In the old farmhouse kitchen in Spring Mills
by candlelight and kerosene, we eat apples
and chocolate, sip cinnamon tea, tell our dreams:
An easy birth for you, conception for me,
healthy babies, sweet marriages, rooms
of our own. Friendship that endures.
I touch your belly and your daughter leaps
against my fingers. We cannot speak. Then,
laughter sweeps through us, hot and sweet.
We imagine spring, nursing our babies
on the porch swing; the return of geese
and green, the poems and weavings still to come.
Tonight, everything is possible; I will find
that balance of love and work; our children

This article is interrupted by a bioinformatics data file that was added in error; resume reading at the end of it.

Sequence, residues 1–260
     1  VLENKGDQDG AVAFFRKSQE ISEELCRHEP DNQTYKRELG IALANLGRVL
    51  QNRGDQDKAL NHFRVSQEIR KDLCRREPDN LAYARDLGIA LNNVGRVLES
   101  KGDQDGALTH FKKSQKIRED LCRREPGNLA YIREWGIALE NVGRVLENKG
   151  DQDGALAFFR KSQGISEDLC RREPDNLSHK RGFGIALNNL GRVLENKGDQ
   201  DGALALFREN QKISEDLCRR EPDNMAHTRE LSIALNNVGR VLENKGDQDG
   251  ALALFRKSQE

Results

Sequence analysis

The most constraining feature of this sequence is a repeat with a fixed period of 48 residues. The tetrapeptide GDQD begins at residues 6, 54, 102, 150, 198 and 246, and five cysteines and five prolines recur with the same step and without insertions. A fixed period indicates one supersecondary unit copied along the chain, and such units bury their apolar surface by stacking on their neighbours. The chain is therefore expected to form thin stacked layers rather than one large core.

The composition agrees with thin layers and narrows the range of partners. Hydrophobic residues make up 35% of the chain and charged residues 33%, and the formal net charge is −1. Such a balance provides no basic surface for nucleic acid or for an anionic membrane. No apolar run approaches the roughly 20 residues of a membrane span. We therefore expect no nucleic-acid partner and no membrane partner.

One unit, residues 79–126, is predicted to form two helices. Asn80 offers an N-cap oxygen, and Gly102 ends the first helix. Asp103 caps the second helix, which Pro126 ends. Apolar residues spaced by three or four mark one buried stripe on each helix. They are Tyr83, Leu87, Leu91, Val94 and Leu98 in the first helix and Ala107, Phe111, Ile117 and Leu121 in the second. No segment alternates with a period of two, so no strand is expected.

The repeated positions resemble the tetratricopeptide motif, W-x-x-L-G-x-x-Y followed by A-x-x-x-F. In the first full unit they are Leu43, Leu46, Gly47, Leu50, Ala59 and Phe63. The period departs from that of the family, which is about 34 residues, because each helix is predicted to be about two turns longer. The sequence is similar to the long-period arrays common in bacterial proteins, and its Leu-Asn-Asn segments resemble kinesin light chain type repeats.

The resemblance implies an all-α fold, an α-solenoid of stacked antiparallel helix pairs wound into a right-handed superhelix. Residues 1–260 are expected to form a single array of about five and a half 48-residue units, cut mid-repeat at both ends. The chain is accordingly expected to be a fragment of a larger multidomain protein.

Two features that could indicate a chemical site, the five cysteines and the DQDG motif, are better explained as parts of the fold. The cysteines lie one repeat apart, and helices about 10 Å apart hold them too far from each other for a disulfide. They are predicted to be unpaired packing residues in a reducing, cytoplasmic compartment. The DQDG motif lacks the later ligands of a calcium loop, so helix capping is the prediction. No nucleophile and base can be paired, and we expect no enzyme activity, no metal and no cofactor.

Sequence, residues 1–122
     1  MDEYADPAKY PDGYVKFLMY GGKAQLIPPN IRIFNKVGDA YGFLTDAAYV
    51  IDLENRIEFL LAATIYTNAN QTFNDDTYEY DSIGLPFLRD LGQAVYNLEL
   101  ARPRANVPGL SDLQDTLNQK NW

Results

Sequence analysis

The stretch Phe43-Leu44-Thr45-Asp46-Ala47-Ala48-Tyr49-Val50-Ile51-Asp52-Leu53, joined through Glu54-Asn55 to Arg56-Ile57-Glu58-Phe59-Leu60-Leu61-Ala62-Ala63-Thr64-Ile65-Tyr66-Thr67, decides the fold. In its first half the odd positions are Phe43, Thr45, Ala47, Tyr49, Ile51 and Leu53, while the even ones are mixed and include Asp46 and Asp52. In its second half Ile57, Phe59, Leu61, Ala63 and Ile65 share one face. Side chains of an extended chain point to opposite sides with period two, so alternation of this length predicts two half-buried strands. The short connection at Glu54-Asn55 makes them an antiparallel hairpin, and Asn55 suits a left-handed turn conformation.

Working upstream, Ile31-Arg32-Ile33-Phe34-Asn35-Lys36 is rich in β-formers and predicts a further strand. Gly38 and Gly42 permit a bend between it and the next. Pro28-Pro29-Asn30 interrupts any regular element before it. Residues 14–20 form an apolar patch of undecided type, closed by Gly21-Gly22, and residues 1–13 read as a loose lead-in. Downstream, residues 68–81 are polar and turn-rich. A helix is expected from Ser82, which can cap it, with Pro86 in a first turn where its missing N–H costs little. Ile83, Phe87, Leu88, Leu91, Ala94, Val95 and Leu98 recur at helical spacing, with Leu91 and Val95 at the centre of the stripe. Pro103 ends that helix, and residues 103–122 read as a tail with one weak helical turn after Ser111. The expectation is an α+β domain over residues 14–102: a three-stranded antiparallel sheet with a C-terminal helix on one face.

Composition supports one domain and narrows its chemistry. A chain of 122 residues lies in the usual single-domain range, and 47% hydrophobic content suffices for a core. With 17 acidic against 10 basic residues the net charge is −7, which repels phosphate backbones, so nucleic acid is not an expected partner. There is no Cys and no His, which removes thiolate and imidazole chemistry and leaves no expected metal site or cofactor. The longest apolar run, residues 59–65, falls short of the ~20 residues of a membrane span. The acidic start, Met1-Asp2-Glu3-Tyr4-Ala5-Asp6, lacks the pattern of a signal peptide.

will be best friends; you will always live close by.
It’s midnight when you walk me to my car,
your husband’s boots pulled over swollen feet,
his down jacket tight across your belly.
By May, my stomach will be gently rounding
We’ll load your furniture into the U-Haul truck.
In time, distance will do its dirty work
But tonight, the air tastes of wood smoke, pine
sap, wild joy. Our mingled breath rises
a luminous wreath in the silvery cold.